When will school reopen?
Children aren’t alone in wondering what it will take to rebuild the devastated southeast African nation, where the Category 2 storm submerged entire villages and left others in ruins.
At least 446 are dead and more than half a million have been affected. Rescue workers are scrambling to reach those trapped in stagnant waters and contain the spread of disease.
Ten days on, it is impossible to escape the sight of damaged buildings in the coastal city of Beira, where Idai made landfall shortly around midnight on March 15.
Destruction is everywhere.
We came across Escola Santa Lucia driving from the airport. What made us stop was the sight of aluminum roofing strewn across the entire school, hanging precariously as if a giant had ripped apart the structure.
Against a wall sat a little girl reading a math book, one of many children who has returned to the school, according to its director, Batista Comesario Gaetano.
In an age of advanced meteorology, when hurricanes and cyclones are named in advance and warnings go out as storms approach, it’s troubling to imagine how much worse it might have been if Cyclone Idai did not arrive in the dead of night.
Idai took something from everyone and knocked this significant port city into a pre-digital world. Everything that modern Africa has come to rely upon has been snatched away.
Telecommunication masts, satellite feeds and the internet bowed to the cyclone’s force. At this moment, you cannot pay for your dinner with a credit card and there are queues outside ATMs.
Affluent homes built in Portuguese colonial style lost their tiled roofs. So did modest brick homes topped with aluminum sheets.
On Avenue Eduardo Mondhlane, strong winds uprooted massive trees and tossed them into homes.
Electricity pylons are nearly submerged in water. Telephone poles look like stumps of wood floating in water.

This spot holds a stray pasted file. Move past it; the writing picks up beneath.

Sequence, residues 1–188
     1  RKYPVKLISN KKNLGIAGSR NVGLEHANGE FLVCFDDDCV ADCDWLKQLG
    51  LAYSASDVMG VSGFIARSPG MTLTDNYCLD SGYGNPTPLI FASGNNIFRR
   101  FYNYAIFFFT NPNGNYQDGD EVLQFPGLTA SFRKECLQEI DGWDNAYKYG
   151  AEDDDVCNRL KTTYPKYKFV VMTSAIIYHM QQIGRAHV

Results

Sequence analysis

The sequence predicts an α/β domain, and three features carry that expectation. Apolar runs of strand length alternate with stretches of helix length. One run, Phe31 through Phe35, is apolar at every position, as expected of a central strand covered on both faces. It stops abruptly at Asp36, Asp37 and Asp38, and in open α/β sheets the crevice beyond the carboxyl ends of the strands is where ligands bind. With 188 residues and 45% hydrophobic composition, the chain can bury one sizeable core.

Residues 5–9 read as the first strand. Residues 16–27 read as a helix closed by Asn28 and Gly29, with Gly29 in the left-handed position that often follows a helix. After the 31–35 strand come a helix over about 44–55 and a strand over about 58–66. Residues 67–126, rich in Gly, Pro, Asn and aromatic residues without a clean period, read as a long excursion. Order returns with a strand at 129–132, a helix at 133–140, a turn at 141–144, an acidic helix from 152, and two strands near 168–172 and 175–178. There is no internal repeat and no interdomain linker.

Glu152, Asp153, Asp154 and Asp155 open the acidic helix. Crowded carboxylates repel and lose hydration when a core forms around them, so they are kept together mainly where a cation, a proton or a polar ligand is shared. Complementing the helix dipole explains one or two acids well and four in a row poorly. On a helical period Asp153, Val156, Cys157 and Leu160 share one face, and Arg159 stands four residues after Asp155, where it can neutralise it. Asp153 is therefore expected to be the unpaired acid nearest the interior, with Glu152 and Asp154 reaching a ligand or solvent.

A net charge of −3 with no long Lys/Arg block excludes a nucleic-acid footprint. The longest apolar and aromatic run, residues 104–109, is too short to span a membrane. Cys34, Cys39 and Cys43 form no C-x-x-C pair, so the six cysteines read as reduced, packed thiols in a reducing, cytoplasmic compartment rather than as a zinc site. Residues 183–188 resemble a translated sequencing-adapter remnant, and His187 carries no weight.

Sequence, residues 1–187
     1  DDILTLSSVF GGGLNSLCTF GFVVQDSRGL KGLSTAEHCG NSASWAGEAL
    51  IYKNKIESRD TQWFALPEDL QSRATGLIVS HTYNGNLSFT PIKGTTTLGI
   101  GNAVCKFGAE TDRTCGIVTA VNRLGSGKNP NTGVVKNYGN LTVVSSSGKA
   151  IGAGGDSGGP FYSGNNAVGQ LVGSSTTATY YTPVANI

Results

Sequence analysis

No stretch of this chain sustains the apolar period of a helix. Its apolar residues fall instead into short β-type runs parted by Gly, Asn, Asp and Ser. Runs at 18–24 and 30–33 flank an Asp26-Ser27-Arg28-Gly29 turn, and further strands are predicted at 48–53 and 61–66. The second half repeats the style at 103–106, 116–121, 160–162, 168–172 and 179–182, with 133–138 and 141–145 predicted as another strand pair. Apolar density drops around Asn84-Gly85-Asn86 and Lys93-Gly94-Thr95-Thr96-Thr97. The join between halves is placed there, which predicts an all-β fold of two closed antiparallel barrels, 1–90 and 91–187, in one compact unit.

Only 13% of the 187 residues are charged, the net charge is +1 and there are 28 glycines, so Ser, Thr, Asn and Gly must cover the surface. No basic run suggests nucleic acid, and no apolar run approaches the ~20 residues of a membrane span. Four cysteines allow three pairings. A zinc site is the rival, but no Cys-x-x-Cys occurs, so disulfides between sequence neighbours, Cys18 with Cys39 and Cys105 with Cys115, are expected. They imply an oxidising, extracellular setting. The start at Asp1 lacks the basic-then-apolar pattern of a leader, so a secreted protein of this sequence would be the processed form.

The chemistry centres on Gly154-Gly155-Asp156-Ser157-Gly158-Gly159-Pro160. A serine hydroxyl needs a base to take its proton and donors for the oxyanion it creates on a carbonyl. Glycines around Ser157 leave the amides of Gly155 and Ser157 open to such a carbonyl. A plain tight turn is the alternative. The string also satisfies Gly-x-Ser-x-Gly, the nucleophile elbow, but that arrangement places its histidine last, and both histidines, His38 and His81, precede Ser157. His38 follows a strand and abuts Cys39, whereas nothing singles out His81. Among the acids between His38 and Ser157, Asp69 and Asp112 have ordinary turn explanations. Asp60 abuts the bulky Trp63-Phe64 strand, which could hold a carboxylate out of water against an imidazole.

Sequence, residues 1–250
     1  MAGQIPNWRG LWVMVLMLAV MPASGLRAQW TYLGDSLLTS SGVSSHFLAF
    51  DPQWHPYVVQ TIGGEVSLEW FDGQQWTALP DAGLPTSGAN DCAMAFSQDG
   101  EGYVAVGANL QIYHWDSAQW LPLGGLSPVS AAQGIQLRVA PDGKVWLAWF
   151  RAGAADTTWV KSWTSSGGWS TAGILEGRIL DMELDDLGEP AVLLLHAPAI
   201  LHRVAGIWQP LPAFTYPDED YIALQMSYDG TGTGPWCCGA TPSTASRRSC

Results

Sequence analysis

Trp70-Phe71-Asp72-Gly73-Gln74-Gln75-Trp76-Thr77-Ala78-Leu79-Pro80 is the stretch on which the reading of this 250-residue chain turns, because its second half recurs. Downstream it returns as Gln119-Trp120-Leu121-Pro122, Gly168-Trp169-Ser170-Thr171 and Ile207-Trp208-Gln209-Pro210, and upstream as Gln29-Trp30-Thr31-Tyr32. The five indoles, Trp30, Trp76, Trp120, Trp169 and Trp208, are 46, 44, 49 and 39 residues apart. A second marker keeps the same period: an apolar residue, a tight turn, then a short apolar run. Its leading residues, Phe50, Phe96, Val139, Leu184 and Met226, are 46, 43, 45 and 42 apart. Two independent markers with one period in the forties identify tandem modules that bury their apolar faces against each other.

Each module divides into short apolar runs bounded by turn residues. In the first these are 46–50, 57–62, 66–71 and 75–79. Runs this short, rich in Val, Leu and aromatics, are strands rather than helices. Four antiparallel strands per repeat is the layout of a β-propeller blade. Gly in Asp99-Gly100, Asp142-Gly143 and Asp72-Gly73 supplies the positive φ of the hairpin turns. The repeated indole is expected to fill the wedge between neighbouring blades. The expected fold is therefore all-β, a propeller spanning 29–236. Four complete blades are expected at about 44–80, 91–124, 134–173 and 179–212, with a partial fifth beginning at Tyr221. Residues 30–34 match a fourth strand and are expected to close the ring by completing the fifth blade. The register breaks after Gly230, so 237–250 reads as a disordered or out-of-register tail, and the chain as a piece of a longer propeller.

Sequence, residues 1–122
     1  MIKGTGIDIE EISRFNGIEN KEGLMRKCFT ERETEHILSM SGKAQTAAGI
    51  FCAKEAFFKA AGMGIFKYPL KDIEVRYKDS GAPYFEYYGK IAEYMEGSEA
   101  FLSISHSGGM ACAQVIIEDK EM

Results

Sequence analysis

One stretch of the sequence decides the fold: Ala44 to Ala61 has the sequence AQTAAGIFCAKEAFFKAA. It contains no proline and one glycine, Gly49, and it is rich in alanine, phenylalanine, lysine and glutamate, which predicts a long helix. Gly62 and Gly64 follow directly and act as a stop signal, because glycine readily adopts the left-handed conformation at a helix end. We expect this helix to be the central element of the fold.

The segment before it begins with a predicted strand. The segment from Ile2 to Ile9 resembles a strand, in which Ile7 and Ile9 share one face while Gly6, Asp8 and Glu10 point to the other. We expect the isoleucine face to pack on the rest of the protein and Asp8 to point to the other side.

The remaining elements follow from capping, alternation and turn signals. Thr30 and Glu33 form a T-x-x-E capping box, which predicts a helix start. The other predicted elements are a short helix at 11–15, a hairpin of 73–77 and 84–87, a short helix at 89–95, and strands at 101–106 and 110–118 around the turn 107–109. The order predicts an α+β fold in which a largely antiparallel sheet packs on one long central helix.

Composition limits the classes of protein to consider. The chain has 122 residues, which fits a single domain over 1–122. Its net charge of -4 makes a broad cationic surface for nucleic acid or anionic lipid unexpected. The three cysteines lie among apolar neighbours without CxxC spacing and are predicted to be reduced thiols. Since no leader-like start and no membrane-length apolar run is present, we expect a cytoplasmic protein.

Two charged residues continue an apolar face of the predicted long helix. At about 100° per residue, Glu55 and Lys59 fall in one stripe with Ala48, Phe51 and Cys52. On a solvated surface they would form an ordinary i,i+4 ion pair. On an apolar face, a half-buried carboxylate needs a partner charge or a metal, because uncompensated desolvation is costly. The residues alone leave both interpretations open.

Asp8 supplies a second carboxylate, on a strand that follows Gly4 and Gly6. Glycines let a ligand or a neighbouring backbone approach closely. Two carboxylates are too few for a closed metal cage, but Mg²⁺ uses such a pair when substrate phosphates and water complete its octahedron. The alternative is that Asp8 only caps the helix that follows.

Cathedrals, restaurants, banks, even the Port of Beira — where the cyclone dislodged shipping containers — were all affected.
And then there is the water on the drive inland. On the road to Tica, some 80 kilometers from Beira’s beaches, all you see is more water.
Footage from a drone’s point of view shows massive tracts of land completely submerged and more trees snapped like twigs despite their age and girth.
Many are wondering what might come in this heady mixture of water, death and stifling heat as bodies wash up from swollen rivers and their tributaries. Eyewitnesses shared ghastly accounts of seeing bodies in the water.
The flooding is creating ideal conditions for disease outbreaks, the International Federation of the Red Cross and Red Crescent Societies said. Already, cholera cases have been reported in Beira along with an increasing number of malaria infections among those trapped by the flooding, the group said. The government is setting up cholera treatment centers in affected areas.
Mozambican President Filipe Nyusi called Idai a disaster of great proportions. And because Idai also hit neighboring Zimbabwe and Malawi, this humanitarian disaster could have far greater consequences if the threat of disease is not contained.